- Data – remove the blinders. Do you know what you don’t know? And what don’t you know you don’t know? What do you wish you knew? What kind of information will help you demystify your challenge.
- Places – locate the action. We may live in an increasingly virtual world, but the physical planet is still what really matters, and we can’t just reboot it to the last best place. So, think about the locations where your challenge takes place.
- Things – sense the physical. The digital twin we’re building to simulate and improve its older, physical brother requires a link to reality. What real-time data do you need to extract to monitor the environment of your challenge?
- Apps – create frictionless flows. Once you’ve assessed the 5 dimensions above, you’re ready to build an app to put the wheels into motion and start solving your challenge. But not before.
To reach an exponential speed of innovation, it’s vitally important to let events and initiatives happen simultaneously, in a parallel, multi-threaded fashion, driven by a distributed, multi-geo team of actors. This requires Business Architects to hone the skills, tools & techniques to become effective orchestrators, and ensure the piece of music we are writing together is a symphony, rather than a dissonant cacophony.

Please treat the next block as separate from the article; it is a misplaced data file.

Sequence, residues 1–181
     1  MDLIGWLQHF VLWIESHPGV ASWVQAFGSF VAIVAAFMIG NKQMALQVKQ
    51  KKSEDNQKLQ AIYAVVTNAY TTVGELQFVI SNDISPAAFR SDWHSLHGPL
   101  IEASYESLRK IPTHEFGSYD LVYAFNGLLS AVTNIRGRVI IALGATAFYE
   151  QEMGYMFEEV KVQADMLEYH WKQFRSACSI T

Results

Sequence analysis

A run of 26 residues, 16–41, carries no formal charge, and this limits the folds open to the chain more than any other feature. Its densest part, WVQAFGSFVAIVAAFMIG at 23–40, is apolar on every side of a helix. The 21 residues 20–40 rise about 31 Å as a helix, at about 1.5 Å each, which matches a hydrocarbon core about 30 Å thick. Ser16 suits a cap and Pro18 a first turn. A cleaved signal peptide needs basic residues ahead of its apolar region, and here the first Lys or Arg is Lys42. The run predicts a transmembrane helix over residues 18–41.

Whenever you engage with a customer, running interviews and workshops to extract wisdom from the teams, keep this in mind: they know exactly what they need to do. Or more accurately: collectively, they know exactly what they need to do. Everyone owns a piece of the music sheet: The Infrastructure & Operations team, the developers, the security group, and of course, most importantly, the lines of business. They are the experts of their industry, not me. Your job, as a Business Architect, isn’t to pretend you are an expert of their business and tell them what to do; your job is to extract a clear big picture from the apparently chaotic maelstrom of viewpoints, to crush complexity, to bridge the gap between business & IT, to stimulate pilots built on low-code, and to define a step-by-step roadmap for delivering business innovation with speed, impact and scale. Your job, as a Business Architect, is to orchestrate the symphony.